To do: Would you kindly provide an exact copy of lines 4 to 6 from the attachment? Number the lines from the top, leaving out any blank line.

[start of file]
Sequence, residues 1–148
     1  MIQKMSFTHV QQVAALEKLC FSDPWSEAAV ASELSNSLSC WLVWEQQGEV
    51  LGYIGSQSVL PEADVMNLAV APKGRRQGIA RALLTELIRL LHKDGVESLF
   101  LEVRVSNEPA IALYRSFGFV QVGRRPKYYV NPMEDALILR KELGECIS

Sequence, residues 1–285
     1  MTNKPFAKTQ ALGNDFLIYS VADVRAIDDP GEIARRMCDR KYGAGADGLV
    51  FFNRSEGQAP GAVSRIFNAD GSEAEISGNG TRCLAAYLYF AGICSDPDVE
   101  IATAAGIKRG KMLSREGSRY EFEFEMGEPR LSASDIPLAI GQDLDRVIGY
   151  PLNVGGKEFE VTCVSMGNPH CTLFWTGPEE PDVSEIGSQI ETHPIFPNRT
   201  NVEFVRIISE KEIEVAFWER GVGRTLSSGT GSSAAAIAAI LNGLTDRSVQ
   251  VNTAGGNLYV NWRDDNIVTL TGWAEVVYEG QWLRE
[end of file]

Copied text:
   101  LEVRVSNEPA IALYRSFGFV QVGRRPKYYV NPMEDALILR KELGECIS

Sequence, residues 1–285
     1  MTNKPFAKTQ ALGNDFLIYS VADVRAIDDP GEIARRMCDR KYGAGADGLV